Let’s start with an introduction to market conditions. Before we define what market conditions mean, it is important firstly to note that it is impossible for a trading strategy to work all the time, which is also known as indifferent market conditions. The reality for profitable traders is that, unfortunately, losses are inevitable, and there is no getting away from that basic principle. Now, the reasons for this are often that every trading strategy approach will be built on specific characteristics, which can from time to time contrast with the conditions of a particular market. It’s a case of certain approaches, suitable for certain market conditions, and invariably you will experience times where there’s actually a clash between the market condition and the strategy that’s looking to be adopted. It’s important to take note of the fact that with a trading strategy, it is unrealistic to expect that strategy to work in every different type of muscle, market environment, and market condition. To give you a brief definition, this is the state in which a market trades. In simple terms, markets typically transition between states, or different market conditions, on a regular basis. It is important to note that each state, or market condition, possesses its own unique characteristics, which we will have a look at shortly.

Now, there are three different types of conditions which a market can experience, and I’m sure you’re probably quite familiar with some of these terms. They can be Range Bound, or also known as consolidating markets, but they can also become Break Out market conditions, which have very unique characteristics as well, and also Trending markets. What’s important to take away is that they all have specific characteristics when it comes to the best time to buy or sell, which we’ll be looking to discuss in some detail very shortly. To give you a very quick snapshot, looking at this first graph, we can identify what’s called support and resistance levels on this chart. With the blue lines, we can clearly see and identify that the market bounces off these levels, and it does so on a number of occasions. That presents those that are range-bound traders the opportunity actually to sell. When the price gets up to these levels up here, they look for opportunities and see if they can sell these markets and drive the price lower. They do so on numerous occasions, so that’s how a range-bound trader would look to capitalize; create a trading edge when they trade these markets. The same applies to buyers when they look to trade these market ranges when the price reaches a low. There are certain characteristics which can be used to define a trading opportunity, but in principle, and broadly speaking, they would be looking for opportunities to buy at the lower end of the range and looking to sell the market at the higher end of the range. So, that’s the approach a range-bound trader would like to take when trading a market like this.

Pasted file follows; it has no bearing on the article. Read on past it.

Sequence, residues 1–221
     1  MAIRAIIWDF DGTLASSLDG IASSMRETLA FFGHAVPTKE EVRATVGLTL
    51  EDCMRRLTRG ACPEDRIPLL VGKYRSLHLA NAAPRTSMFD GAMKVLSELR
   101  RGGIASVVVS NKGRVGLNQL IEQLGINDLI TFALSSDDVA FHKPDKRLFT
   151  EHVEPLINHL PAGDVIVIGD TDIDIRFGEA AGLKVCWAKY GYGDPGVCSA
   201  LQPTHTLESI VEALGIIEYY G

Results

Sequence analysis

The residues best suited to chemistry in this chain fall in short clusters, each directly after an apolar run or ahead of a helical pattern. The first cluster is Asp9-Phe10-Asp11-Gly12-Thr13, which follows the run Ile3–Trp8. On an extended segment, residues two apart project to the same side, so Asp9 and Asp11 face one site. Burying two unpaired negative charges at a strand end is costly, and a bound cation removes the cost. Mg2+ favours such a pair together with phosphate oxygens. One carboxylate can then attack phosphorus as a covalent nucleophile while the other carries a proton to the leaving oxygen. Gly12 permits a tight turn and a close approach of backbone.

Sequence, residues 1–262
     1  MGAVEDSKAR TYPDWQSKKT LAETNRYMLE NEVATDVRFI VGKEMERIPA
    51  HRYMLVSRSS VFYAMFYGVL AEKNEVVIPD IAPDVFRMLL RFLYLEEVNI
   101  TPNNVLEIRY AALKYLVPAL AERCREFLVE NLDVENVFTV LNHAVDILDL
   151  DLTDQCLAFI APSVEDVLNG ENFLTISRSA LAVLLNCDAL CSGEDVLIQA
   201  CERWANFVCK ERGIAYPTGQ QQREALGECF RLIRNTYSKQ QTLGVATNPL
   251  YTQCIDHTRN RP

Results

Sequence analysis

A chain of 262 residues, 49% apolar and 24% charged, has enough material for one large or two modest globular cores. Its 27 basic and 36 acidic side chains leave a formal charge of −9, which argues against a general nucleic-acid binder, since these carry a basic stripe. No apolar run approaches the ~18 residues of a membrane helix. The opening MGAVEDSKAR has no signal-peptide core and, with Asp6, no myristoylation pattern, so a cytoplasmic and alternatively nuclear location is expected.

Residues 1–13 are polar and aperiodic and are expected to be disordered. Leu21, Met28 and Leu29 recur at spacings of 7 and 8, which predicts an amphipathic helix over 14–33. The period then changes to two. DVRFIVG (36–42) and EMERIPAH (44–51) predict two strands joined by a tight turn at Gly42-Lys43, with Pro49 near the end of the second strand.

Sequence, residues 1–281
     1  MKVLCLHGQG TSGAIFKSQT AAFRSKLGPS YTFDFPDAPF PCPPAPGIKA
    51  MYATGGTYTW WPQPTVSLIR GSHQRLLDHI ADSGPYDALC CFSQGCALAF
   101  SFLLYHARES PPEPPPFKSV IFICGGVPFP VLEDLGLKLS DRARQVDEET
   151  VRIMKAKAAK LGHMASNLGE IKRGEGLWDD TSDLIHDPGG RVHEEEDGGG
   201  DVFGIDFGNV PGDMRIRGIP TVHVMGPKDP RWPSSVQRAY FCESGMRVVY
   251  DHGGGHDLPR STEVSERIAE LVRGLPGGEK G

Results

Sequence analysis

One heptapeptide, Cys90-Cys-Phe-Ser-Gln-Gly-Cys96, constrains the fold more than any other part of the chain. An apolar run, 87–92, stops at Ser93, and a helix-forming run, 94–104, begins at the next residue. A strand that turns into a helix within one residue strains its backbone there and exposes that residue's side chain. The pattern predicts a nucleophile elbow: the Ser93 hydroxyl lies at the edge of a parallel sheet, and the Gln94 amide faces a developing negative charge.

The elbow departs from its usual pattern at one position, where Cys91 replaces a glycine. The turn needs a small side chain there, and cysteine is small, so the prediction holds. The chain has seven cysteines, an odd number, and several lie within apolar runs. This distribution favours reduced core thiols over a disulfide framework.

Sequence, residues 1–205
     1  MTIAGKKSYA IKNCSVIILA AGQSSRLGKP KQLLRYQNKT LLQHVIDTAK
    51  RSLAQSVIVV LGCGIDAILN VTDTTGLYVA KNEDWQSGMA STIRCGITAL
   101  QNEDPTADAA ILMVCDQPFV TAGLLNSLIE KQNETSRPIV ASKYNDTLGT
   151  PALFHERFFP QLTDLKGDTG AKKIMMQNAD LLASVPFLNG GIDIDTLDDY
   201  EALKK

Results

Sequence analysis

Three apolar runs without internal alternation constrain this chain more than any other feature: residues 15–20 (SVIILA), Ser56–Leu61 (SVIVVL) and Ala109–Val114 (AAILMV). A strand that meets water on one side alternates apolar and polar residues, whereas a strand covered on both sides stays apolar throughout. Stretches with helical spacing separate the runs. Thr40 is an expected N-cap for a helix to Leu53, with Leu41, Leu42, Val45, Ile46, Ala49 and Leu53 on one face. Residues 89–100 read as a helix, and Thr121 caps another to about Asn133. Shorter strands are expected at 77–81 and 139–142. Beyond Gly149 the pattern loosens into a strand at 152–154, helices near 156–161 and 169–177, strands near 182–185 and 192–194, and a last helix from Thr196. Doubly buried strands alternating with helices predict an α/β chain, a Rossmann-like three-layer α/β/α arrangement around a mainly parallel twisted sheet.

Another type of market condition is referred to as a break-out of the market. This is when you receive, or you experience a certain confirmation – which suggests to you that this market is no longer looking to move and stay within a range. So what you find, you need certain confirmation to actually make this trading decision and a trading strategy. Just looking at this candlestick here, you can clearly see we break through with momentum, and we get a close beneath this level. That is a little bit of a game-changer for those that look to trade breakouts on this particular occasion. So, what you will experience is that it will provide an opportunity, in this example, to potentially look to sell this market to the downside.

Now, the third type of market condition. To sort of give you a very brief introduction to a trending market, and what’s important to sort of takeaway from a trending market. This just happens to be a bullish price trending market, meaning prices are pushing to the upside. When you look at a price chart, you will notice that for a trend to be bullish, what you’ll experience is often the price for the beginning of that particular trend to be very much towards the bottom left-hand corner of your trading screen. If the trend is to the upside, what you’ll often experience within that trend is higher prices on the right-hand corner of your trading screen. There are additional characteristics, which we look at in so much more detail very shortly.

To give you a brief introduction and a general overview, you’ve got three significant phases. You’ve got your range-bound market, i.e., a market that clearly moves within a range, you’ve got your breakout markets, and you’ve also got your trending markets. These different types of markets can present traders with some interesting and very profitable opportunities. Let’s take a look at these three types of market conditions in a little bit more detail.

First, we’ll look at range-bound market conditions and the fact that they do possess some very unique characteristics. For a range-bound market to exist, you will need to see the market respect both a clearly defined level of support resistance and see prices bounce off those levels on multiple occasions. I’m just looking at this price chart and using this as a first example. We can work with what’s called genuine levels of support resistance, and you can identify those levels fairly easily. What we can see is a clearly defined range-bound market, which moves from highs to lows and back to highs. It does this on many occasions and therein lies the opportunity for a range-bound trader to, like we’ve alluded to before, look for opportunities to sell the highs at this top edge, and look to buy the lows, which is the bottom edge of this particular range.